How to Setup Parental Controls on an iPad, iPod Touch, or iPhone

A young child using an iPad.
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Just about every kid on the planet seems to have an iPod Touch, iPad, or iPhone. If they don't have one, chances are that they are borrowing yours and getting their greasy little paw prints all over its screen.

As parents, we usually consider these devices nothing more than game systems or music players. We grew up in an era when a CD player was just a CD player. We don't often contemplate the fact that these little glossy iGadgets are basically the digital equivalent of a Swiss Army knife. They have a full-fledged internet browser, video player, Wi-Fi connection, camera, and an app for almost anything you could imagine. Oh yeah, and they play music too (like MTV used to).

What's a parent to do? How do we prevent little Johnny from purchasing every app in the app store on our credit card, visiting raunchy websites, and renting bad/scary/tasteless movies?

Luckily, Apple had the foresight to add a fairly robust set of parental controls to the iPod Touch, iPad, and iPhone.

Here's the quick and dirty on how to set up parental controls on your child's iPhone, iPod Touch, or iPad. Kids are pretty smart and may figure out a way around many of these settings, but at least you did your best to try and thwart the little schemers.

Enable Restrictions

All of the parental controls rely on you to enable restrictions and enter a PIN number that you keep secret.

To enable restrictions, touch the settings icon on your iOS device, choose "General", and then touch "Restrictions".

On the "Restrictions" page, choose "Enable Restrictions". You will now be prompted to set a PIN number that you will need to remember and keep from your kids. This PIN number will be used for any future changes you want to make to the restrictions that you have set.

Consider Disabling Safari and Other Apps

Under the "Allow" section of the restrictions page, you can choose whether you want your child to be able to access certain apps such as Safari (web browser), Youtube, FaceTime (video chat), and several other of Apple's built-in apps. If you don't want your child to have access to these apps, set the switches to the "OFF" positions. You can also disable the location reporting feature to prevent your child from publishing their current location in apps like Facebook.

Set Content Limits

Much like the V-Chip feature in most modern TVs, Apple allows you to set limits on what type of content you want your child to have access to. You can set the permitted viewable movie ratings by placing a check next to the highest rating level you want them to see (i.e. G, PG, PG-13, R, or NC-17). You can also set levels for TV content (TV-Y, TV-PG, TV-14, etc) and the same goes for apps and music.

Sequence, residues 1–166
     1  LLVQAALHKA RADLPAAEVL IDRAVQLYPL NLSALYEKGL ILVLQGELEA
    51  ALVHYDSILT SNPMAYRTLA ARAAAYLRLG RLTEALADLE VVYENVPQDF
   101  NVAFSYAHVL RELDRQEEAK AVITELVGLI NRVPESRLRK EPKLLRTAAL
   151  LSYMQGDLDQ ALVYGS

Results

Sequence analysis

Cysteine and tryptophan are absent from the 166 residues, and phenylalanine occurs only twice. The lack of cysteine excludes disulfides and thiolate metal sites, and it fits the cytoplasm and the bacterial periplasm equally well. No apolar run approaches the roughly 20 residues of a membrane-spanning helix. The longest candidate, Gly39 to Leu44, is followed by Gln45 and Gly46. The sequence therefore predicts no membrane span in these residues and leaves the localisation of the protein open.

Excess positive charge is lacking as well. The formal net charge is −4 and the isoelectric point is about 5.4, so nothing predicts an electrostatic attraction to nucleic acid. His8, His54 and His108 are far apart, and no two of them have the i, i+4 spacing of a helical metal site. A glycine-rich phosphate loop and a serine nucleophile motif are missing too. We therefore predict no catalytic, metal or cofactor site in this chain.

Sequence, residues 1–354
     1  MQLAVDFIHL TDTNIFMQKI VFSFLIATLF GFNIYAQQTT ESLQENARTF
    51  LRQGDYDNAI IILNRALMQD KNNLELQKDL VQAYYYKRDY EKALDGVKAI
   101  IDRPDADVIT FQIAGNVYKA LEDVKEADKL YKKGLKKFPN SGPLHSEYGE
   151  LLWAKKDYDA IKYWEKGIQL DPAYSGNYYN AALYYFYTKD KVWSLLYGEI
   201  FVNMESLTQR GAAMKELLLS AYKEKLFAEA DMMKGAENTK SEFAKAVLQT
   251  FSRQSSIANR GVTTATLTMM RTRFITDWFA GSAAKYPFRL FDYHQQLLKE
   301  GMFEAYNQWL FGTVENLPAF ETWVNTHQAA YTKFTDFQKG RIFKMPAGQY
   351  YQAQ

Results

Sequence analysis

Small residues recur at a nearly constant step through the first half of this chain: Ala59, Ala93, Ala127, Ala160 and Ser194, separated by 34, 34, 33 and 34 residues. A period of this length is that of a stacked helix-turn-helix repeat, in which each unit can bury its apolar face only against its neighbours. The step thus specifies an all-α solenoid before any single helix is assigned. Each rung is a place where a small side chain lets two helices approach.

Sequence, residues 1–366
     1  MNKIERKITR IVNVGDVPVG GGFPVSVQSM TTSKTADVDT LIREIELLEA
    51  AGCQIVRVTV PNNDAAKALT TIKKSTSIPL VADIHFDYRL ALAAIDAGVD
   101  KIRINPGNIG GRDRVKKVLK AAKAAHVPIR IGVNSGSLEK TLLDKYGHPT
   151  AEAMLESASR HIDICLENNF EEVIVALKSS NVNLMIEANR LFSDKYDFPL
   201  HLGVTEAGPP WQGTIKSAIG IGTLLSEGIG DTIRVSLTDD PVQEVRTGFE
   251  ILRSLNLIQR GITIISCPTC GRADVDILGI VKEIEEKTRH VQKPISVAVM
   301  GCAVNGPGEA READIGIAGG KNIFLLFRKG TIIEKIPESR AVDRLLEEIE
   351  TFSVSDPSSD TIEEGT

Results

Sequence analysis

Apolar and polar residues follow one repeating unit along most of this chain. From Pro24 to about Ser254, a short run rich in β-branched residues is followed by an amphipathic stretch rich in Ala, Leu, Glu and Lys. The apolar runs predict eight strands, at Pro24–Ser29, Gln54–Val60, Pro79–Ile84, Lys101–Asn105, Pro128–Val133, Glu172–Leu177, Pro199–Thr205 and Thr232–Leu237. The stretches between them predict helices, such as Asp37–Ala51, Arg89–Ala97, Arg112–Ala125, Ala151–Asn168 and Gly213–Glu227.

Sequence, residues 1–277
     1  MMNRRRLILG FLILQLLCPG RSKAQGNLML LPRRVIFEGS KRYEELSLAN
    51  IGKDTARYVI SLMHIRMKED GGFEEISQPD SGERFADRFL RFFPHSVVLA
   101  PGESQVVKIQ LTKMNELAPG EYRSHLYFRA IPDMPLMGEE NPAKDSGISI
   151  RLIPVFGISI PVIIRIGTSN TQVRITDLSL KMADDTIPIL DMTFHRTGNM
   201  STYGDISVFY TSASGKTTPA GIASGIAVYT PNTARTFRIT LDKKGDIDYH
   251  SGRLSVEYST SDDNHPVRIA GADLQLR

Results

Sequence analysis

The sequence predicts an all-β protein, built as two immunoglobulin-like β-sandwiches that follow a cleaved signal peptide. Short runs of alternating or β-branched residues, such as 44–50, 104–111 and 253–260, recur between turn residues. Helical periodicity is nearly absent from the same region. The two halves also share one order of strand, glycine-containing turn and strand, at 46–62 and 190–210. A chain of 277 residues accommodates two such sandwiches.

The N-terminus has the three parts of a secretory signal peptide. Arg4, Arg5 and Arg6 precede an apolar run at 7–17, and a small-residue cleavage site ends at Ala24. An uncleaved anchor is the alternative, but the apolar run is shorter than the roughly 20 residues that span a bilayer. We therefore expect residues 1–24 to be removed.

To change the permitted content levels, select "Music & Podcasts", "Movies", "TV Shows", or "Apps" in the "Allowed Content" section and choose the levels you wish to allow.

Disable "Installing Apps"

While some of us love fart machine apps, they are not for everyone. No one wants to be sitting in an important meeting and have the "scheduled fart" go off that Little Johnny setup when he installed the Super Ultra Fart Machine app on their iPhone the night before. You can prevent this by setting the "Installing Apps" feature to the "OFF" position. You can still install apps, you'll just need to enter your PIN number before doing so.

Disable In-app Purchases

Many apps allow in-app purchases where virtual goods can be bought with real-world money. Little Johnny may or may not realize that he's actually causing your bank account to be charged for the "Mighty Eagle" he just bought while in the Angry Birds App. If you disable in-app purchasing you can at least breathe a sigh of relief that your child won't go on a bird buying shopping spree on your dime.

Kids are very tech savvy and will probably find a way to get around these restrictions. The fact that the restriction PIN is only 4 digits long doesn't help either. It's only a matter of time before they guess the right one, but at least you've done your best to try and keep them safe. Maybe they'll thank you one day when they have kids of their own.